snowbirds are twittering around our dwellings, as if forewarning us of a change.
Presently the sullen covering is drawn over the sky like a gray blanket, and a few flakes flutter along the harsh cutting air. The flakes soon thicken until they stream down in dense columns upon the earth, which momentarily whitens. Then the black night strides over the scene, and the morning dawns with a fierce wind. How the bitter blast rushes from the north-west! how it howls and shrieks in its fury! how it whirls up the snow into clouds, or drives it along like the spray of a tossing ocean! how the forests groan and rock and sway, as if in agony, and how the summits of the distant hills seem to reel and stagger as the snow flies over them! But the tempest wails and sobs itself into repose, and the wild struggling landscape at last is still. The earth is wrapped in its soft mantle of ermine, here ruffled up in great wreaths, and there streaming out like the surges of some pearly sea. Here are edges brushed to a delicate fineness--here basins scooped beautifully out, and there are domes smoothly rounded as if by the hand of an architect. All is pure, bright, and quiet beauty.
January follows; and a clear cold day shines upon the earth. The sky is blue as steel, and sparkles with cold, and the dark smooth ice spreads like a polished mirror amidst a landscape of ivory. Then how the merry skater launches away upon his gleam ing path, the trees appearing to skim past him in a contrary direction! how the pulse leaps and the blood glows, and how every sinew is strung to high and vigorous life! whilst the gladdening sleigh-bells ring a joy
ous chorus o'er the beaten snow upon the shores.
Then comes February, and with it a mild air and fine rain, that freezes however as it falls. As the morning sun rises, a magical scene is presented. The leafless trees stretch out their branches even to the minutest twigs, as if they had been carved from silver; the hemlock is covered with a rich gleaming glaze, every roof flashes back the sun from its polished coat, whilst the wide landscape around is blazing in smooth armor to the cloudless but heartless light. All over, too, are a million of dancing atoms in rainbow coloring, like the hues that glitter and chase each other along the threads of the gossa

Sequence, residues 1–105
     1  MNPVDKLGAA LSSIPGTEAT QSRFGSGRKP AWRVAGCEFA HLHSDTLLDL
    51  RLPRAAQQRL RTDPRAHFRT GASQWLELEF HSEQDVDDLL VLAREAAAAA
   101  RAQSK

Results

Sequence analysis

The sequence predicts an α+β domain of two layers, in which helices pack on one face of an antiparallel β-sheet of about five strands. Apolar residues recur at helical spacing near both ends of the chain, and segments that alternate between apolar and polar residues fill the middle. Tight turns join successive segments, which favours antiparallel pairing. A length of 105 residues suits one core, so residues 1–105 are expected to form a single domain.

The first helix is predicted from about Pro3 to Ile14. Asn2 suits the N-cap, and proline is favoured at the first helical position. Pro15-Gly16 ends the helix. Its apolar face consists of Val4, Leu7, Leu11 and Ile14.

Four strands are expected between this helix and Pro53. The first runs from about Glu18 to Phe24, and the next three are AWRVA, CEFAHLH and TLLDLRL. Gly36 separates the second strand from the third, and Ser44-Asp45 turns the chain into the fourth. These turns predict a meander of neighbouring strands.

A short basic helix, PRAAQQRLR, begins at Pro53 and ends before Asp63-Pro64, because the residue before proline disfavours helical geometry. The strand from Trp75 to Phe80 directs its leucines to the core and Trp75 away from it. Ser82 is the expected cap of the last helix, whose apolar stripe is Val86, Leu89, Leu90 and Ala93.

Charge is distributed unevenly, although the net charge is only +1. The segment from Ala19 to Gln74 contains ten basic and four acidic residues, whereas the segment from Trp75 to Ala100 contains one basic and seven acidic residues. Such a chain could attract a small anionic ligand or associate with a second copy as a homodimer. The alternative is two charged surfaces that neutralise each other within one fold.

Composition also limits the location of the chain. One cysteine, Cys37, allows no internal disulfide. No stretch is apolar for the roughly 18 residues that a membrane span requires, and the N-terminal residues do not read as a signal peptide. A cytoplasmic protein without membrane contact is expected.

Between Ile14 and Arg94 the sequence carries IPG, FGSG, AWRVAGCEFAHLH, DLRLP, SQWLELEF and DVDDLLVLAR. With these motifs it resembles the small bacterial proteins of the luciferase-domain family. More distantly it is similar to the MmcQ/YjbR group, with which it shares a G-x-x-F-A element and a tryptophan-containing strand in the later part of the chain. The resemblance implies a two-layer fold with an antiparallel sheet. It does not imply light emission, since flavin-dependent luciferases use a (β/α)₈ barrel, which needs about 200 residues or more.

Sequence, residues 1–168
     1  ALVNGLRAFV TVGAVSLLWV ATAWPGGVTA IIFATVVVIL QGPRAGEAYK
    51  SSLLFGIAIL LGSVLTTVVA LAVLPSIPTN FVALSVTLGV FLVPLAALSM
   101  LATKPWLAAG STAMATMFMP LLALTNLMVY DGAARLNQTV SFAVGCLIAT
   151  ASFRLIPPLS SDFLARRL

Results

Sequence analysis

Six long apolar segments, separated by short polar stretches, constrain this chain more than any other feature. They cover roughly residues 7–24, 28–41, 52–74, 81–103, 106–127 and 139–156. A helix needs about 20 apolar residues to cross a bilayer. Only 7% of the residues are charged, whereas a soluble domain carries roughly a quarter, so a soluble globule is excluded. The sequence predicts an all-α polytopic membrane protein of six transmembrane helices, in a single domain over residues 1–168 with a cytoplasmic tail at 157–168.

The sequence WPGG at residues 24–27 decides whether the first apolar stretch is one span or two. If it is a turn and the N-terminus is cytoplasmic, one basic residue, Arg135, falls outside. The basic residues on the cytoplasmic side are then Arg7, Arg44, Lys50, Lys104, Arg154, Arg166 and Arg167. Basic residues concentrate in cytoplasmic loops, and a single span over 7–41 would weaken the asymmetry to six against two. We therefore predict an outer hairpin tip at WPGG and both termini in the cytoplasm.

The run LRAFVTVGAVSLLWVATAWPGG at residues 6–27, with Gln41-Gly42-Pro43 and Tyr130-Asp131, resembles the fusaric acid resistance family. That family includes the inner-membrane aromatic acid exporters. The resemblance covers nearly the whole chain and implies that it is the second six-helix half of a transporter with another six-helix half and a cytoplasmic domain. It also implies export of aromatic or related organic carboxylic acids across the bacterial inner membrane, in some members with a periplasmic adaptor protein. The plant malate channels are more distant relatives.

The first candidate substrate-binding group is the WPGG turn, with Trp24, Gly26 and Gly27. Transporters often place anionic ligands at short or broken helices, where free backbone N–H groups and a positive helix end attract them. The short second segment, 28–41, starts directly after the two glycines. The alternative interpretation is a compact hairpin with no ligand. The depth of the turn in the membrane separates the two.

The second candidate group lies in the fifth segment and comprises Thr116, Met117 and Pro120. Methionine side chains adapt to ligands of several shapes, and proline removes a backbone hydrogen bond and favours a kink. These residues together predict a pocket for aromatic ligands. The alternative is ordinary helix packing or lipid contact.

And the winter night, how full of quiet peace and household content it is! The wide blaze goes crackling and sparkling up the spacious chimney, casting its red light upon chairs and tables, soft carpet and drawn curtain, and making fantastic shadows stream and waver upon the walls. In the warmest nook of the fireplace sits the venerable grandsire, the flame bathing his snowy head, and, clustering around him, are vigorous manhood, lovely matronage, smiling youth, and innocent childhood.
As our linked round of the seasons is brought to a close, let us, with reference to them, in the language of Thompson, Nature's secretary, exclaim
immediate steps to forward the emigration of
EMIGRATION OF PAUPER CHILDREN.-A comprehensive scheme for the relief of the rate-payers, the benefit of the colonies, and the positive good of a large and increasing class of pauper children, has been propound-the ed by Mr. W. Miles, who, in his place in the House of Commons, has lately presented several petitions in favor of a plan of emigration which shall be in accordance with the views and wants of all parties. His motion was in these words: "That it is expedient that the government, with the consent and assistance of the boards of guardians throughout England and Wales, should take
total number of children in the workhouses in England and Wales was 56,323, and that the number of these capable of entering into service were-boys, 4,579, and girls, 3,698; making a total of boys and girls in those workhouses capable of entering service of 8,277. The number of male orphans capable of entering service was 1,578, while the number of female orphans so qualified was 1,171; making a total of 3,740.
JOHN KNOX'S HOUSE IN EDINBURGH.